CONTINUING the story of Pearl Corkhill, an army nurse who had served in the Great War in Egypt before being posted to France.
PEARL Corkhill was awarded a Military Medal in August, 1918, for her courage and devotion, and she wrote the following letter to her mother about it.
“Today word came that I has been awarded the MM. Well the Co sent over a bottle of champagne and they all drank my health and now the medical officers are giving me a dinner in honour of the event. I can't see what I have done to deserve it but the part I don't like is having to face old George and Mary to get the medal. It will cost me a new mess dress, but I suppose I should not grumble at that – I'm still wearing the one I left Australia in.”
This letter shows what a down-to-earth woman Pearl was, who wasn't at all impressed at having to meet King George V and Queen Mary - “face old George and Mary”.
The day following the action where she won the medal, Pearl was posted to the 1st Australian General Hospital, and went on leave in the United Kingdom. She was promoted to the rank of Sister on October 1, and returned to Australia on January 24, 1919.
Pearl took up a position as senior sister at the Bega District Hospital in 1951.
One of the memories Betty Koellner has of Pearl was when Betty was in the maternity ward, the first building you come to as you drive up Corkhill Place.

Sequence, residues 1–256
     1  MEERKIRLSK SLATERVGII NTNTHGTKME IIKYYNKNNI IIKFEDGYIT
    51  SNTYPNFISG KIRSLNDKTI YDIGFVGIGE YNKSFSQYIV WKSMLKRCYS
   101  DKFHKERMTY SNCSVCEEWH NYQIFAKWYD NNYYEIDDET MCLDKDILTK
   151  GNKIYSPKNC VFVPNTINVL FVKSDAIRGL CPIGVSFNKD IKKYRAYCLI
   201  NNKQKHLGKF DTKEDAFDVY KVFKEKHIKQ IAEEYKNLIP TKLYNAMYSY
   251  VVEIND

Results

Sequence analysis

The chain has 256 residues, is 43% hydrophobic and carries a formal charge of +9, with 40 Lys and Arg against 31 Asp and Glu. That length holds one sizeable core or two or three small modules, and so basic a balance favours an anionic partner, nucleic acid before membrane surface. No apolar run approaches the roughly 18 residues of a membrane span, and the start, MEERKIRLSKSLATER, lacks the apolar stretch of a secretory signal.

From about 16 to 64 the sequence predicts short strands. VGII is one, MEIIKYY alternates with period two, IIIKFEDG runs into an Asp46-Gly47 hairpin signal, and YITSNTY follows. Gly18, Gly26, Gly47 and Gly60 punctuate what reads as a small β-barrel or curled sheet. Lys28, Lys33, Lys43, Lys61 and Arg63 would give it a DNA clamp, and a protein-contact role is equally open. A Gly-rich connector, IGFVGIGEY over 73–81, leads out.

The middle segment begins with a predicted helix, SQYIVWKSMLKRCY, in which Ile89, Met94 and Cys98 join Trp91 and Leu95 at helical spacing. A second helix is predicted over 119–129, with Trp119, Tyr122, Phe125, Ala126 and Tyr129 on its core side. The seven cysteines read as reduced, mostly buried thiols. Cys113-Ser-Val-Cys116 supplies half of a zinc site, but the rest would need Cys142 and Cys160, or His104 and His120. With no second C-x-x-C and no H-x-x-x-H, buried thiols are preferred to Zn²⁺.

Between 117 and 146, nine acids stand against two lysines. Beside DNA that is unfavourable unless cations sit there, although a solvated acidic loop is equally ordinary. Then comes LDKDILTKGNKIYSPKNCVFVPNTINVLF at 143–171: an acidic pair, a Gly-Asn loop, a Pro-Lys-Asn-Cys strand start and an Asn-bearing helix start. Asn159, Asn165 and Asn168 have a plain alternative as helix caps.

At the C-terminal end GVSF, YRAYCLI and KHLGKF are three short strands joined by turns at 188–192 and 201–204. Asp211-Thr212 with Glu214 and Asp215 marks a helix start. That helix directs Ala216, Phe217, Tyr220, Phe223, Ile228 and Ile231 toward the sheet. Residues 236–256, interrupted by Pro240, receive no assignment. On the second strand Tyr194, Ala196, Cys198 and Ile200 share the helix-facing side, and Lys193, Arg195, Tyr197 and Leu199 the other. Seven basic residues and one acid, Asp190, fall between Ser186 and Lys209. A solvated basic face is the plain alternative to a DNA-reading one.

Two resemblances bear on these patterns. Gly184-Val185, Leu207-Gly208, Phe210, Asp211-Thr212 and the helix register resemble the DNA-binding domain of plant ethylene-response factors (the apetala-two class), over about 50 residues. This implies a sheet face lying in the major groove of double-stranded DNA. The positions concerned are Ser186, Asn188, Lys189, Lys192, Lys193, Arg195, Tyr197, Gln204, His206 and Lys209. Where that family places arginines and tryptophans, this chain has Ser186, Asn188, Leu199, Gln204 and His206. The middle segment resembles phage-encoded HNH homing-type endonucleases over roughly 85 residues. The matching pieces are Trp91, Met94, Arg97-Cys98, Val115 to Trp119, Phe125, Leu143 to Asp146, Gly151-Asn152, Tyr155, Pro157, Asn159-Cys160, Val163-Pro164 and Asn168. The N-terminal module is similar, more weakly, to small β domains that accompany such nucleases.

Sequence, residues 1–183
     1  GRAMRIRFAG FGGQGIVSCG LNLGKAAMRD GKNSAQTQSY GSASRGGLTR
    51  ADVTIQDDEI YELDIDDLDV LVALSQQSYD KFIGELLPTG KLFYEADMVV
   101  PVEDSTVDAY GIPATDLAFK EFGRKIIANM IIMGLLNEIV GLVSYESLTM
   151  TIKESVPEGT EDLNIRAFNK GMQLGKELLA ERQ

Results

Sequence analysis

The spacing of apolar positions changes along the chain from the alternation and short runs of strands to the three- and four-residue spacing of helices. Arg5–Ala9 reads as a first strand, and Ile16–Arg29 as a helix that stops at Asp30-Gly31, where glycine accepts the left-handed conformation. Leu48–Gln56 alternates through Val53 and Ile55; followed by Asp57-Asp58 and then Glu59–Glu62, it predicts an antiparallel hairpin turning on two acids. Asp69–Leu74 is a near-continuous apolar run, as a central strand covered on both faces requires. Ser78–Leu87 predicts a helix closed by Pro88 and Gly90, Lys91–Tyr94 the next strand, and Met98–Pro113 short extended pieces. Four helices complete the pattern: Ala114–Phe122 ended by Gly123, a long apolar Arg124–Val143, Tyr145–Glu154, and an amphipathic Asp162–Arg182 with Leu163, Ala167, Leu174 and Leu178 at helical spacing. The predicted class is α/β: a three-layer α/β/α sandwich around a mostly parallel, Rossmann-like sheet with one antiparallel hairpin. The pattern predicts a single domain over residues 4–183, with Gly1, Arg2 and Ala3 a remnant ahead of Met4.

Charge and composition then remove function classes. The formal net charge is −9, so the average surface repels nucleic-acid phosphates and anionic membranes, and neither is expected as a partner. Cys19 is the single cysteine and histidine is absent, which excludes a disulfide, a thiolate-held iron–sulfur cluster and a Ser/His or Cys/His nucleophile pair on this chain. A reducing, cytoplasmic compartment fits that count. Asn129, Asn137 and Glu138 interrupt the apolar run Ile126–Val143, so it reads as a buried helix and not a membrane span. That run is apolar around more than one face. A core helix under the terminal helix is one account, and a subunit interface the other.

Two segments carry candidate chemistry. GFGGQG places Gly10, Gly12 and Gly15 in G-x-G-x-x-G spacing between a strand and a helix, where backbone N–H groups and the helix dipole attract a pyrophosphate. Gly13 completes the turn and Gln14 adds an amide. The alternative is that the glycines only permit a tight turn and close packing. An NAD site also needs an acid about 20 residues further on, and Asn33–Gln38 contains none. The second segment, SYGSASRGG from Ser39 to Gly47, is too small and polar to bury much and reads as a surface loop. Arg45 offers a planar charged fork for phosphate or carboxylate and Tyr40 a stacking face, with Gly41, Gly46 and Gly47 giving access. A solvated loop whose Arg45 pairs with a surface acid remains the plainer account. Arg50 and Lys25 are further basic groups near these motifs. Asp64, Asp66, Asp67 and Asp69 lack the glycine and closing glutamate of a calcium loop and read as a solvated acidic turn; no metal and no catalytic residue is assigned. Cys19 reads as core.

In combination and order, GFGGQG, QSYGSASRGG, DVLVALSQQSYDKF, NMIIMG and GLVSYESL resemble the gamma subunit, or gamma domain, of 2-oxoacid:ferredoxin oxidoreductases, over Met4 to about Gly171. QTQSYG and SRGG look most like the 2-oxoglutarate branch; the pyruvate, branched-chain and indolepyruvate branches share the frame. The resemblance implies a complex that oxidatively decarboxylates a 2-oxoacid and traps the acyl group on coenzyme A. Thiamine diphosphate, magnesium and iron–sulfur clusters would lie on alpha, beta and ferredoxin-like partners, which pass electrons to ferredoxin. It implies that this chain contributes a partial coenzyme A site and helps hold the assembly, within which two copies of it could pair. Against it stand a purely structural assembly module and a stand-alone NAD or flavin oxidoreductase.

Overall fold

“I was in labour all night and walked out on the verandah to see a little old lady pulling out weeds. She came in and said she was going to give me a needle. I said, 'I'm not getting a needle from a gardener!’ Sister Corkhill then came in, washed her hands and I had the baby.
Kevin Umback recalled that she was affectionately known as “Corky”.
Bob, a suitor of one of the nurses in the nurses' home, remembers “Corky” in a different light. He said that when the nurses finished their shift at 10pm each night, she would allow them 30 minutes to see their boyfriends, mostly waiting in cars outside the Nurses' Quarters. Right on the dot of 10.30pm she would lock the door and there would be a scurry of nurses racing to get back in.
She retired in 1961.
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